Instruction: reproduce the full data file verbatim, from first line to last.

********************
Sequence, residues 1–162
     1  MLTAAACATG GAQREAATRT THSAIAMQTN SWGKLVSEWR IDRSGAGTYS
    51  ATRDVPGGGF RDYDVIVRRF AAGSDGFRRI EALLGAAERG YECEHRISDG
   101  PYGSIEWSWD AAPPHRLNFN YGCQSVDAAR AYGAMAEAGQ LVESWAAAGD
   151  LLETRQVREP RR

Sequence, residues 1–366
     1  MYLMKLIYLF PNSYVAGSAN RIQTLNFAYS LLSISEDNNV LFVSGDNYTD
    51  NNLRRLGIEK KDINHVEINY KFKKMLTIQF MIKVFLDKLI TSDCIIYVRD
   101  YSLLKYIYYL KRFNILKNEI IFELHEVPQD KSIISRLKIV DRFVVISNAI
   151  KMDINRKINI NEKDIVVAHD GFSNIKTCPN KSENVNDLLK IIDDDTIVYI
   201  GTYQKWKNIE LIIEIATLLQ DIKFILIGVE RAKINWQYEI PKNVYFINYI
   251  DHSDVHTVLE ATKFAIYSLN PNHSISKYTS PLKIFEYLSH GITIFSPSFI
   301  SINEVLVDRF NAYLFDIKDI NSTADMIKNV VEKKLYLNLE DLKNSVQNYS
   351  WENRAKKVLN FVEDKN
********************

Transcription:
Sequence, residues 1–162
     1  MLTAAACATG GAQREAATRT THSAIAMQTN SWGKLVSEWR IDRSGAGTYS
    51  ATRDVPGGGF RDYDVIVRRF AAGSDGFRRI EALLGAAERG YECEHRISDG
   101  PYGSIEWSWD AAPPHRLNFN YGCQSVDAAR AYGAMAEAGQ LVESWAAAGD
   151  LLETRQVREP RR

Sequence, residues 1–366
     1  MYLMKLIYLF PNSYVAGSAN RIQTLNFAYS LLSISEDNNV LFVSGDNYTD
    51  NNLRRLGIEK KDINHVEINY KFKKMLTIQF MIKVFLDKLI TSDCIIYVRD
   101  YSLLKYIYYL KRFNILKNEI IFELHEVPQD KSIISRLKIV DRFVVISNAI
   151  KMDINRKINI NEKDIVVAHD GFSNIKTCPN KSENVNDLLK IIDDDTIVYI
   201  GTYQKWKNIE LIIEIATLLQ DIKFILIGVE RAKINWQYEI PKNVYFINYI
   251  DHSDVHTVLE ATKFAIYSLN PNHSISKYTS PLKIFEYLSH GITIFSPSFI
   301  SINEVLVDRF NAYLFDIKDI NSTADMIKNV VEKKLYLNLE DLKNSVQNYS
   351  WENRAKKVLN FVEDKN